Hoodies are typically the comfort go-to pieces in your wardrobe. What leggings are for legs, hoodies are for bodies. Feeling sad? Wrap yourself in a hoodie. Feeling bloated? Grab a hoodie. Time to Netflix and binge watch 20 episodes of The Handmaid’s Tale? Hoodie.
But there is nothing warm and cozy about these hoodies that hit the runway at New York Fashion Week.
BStroy, a self-proclaimed “Neo-Native Menswear Design House,” debuted the bullet-riddled hoodies bearing the names “Columbine,” “Sandy Hook,” “Virginia Tech,” and “Stoneman Douglas,” as part of their Spring 2020 Collection. And all we can say is, “What the hell were they thinking?”
One of the company’s founders, Brick Owens, released a statement on Instagram about the inspiration behind the “SAMSARA” collection. He wrote in part:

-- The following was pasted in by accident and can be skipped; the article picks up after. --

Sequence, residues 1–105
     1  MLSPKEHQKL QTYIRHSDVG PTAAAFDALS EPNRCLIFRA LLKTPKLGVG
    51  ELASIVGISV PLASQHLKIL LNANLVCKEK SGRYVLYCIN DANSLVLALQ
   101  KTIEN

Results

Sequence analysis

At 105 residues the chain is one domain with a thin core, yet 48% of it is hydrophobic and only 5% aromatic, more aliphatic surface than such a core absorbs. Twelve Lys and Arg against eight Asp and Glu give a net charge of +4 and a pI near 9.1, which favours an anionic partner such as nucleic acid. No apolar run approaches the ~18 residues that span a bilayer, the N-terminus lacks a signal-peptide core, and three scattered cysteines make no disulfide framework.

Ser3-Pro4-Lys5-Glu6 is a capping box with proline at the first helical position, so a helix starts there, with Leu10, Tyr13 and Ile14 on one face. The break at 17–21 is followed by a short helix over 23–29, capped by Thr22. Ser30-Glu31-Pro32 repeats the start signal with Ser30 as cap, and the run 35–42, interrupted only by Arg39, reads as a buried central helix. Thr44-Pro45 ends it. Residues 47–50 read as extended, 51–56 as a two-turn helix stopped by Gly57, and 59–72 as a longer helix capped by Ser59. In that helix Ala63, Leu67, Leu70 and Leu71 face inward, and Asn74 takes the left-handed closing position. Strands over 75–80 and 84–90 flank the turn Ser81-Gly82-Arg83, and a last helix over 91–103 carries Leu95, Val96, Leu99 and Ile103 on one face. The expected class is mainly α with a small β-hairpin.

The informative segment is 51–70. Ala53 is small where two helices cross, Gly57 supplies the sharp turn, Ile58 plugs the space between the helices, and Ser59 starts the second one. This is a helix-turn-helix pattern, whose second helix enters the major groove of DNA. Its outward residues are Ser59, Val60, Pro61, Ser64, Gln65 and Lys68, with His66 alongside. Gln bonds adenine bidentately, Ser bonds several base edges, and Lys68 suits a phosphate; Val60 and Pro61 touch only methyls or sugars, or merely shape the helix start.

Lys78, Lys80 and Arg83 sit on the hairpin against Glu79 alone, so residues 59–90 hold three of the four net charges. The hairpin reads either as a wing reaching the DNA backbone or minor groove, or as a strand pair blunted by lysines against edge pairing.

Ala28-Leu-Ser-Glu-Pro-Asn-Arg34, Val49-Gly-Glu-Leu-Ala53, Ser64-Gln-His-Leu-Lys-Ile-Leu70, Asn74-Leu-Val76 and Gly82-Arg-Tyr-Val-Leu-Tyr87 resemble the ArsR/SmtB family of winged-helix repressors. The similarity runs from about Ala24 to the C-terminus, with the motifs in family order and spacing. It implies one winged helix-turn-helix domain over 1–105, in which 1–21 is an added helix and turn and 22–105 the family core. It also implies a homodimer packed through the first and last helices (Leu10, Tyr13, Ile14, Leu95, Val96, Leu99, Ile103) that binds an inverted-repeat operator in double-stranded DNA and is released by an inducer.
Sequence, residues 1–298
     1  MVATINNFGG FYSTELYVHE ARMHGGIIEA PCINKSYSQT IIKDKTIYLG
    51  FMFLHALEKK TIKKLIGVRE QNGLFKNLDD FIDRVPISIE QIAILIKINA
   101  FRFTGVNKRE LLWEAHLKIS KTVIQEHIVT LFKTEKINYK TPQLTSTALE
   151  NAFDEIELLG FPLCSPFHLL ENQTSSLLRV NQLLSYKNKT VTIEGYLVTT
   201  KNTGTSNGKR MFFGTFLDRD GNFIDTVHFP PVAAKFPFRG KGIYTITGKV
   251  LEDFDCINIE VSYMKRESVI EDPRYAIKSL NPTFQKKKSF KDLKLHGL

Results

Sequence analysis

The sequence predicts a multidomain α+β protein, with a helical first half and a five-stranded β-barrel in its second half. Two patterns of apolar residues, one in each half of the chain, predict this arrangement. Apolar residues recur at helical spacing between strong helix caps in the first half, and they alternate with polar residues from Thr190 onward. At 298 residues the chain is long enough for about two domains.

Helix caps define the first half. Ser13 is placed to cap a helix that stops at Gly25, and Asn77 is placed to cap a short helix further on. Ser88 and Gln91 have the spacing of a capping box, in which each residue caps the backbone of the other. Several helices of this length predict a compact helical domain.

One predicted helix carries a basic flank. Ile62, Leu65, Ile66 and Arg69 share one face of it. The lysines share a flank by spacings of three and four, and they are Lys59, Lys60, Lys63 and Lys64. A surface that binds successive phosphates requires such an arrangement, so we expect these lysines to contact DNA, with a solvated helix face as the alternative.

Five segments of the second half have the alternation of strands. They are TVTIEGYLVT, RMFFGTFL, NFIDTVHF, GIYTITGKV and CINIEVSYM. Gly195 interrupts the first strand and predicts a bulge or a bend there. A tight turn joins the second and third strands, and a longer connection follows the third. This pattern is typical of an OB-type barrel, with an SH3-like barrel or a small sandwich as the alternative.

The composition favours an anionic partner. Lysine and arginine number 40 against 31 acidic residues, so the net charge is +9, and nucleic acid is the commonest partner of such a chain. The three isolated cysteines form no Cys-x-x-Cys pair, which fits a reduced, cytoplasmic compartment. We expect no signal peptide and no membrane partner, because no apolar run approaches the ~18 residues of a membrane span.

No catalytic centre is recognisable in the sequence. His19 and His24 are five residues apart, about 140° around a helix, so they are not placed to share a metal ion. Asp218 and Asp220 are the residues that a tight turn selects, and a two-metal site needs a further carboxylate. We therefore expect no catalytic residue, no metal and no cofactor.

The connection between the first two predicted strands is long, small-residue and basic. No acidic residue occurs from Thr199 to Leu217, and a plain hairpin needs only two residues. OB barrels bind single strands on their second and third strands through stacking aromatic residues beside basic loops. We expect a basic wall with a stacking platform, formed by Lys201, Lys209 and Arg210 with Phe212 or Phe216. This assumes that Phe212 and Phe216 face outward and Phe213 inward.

Sometimes life can be painfully ironic. Like the irony of dying violently in a place you considered to be a safe, controlled environment, like school. We are reminded all the time of life’s fragility, shortness, and unpredictability, yet we are also reminded of its infinite potential. It is this push and pull that creates the circular motion that is the cycle of life.
In addition, Owens also told TODAY Style that he and fellow designer, Duey Catorze, wanted to make a statement about gun violence:
We wanted to make a comment on gun violence and the type of gun violence that needs preventative attention and what its origins are, while also empowering the survivors of tragedy through storytelling in the clothes.